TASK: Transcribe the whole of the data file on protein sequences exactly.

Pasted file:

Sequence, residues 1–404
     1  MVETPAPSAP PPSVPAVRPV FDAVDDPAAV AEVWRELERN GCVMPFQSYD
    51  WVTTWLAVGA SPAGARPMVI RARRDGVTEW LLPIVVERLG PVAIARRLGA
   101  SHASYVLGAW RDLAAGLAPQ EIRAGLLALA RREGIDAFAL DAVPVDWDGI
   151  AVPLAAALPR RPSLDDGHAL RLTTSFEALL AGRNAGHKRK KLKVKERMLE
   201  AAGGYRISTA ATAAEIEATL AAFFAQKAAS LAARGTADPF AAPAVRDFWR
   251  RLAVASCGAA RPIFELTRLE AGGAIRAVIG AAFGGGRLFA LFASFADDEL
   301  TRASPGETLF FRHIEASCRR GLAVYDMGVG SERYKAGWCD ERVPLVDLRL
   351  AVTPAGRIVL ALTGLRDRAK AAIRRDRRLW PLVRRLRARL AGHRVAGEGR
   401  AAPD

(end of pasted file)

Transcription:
Sequence, residues 1–404
     1  MVETPAPSAP PPSVPAVRPV FDAVDDPAAV AEVWRELERN GCVMPFQSYD
    51  WVTTWLAVGA SPAGARPMVI RARRDGVTEW LLPIVVERLG PVAIARRLGA
   101  SHASYVLGAW RDLAAGLAPQ EIRAGLLALA RREGIDAFAL DAVPVDWDGI
   151  AVPLAAALPR RPSLDDGHAL RLTTSFEALL AGRNAGHKRK KLKVKERMLE
   201  AAGGYRISTA ATAAEIEATL AAFFAQKAAS LAARGTADPF AAPAVRDFWR
   251  RLAVASCGAA RPIFELTRLE AGGAIRAVIG AAFGGGRLFA LFASFADDEL
   301  TRASPGETLF FRHIEASCRR GLAVYDMGVG SERYKAGWCD ERVPLVDLRL
   351  AVTPAGRIVL ALTGLRDRAK AAIRRDRRLW PLVRRLRARL AGHRVAGEGR
   401  AAPD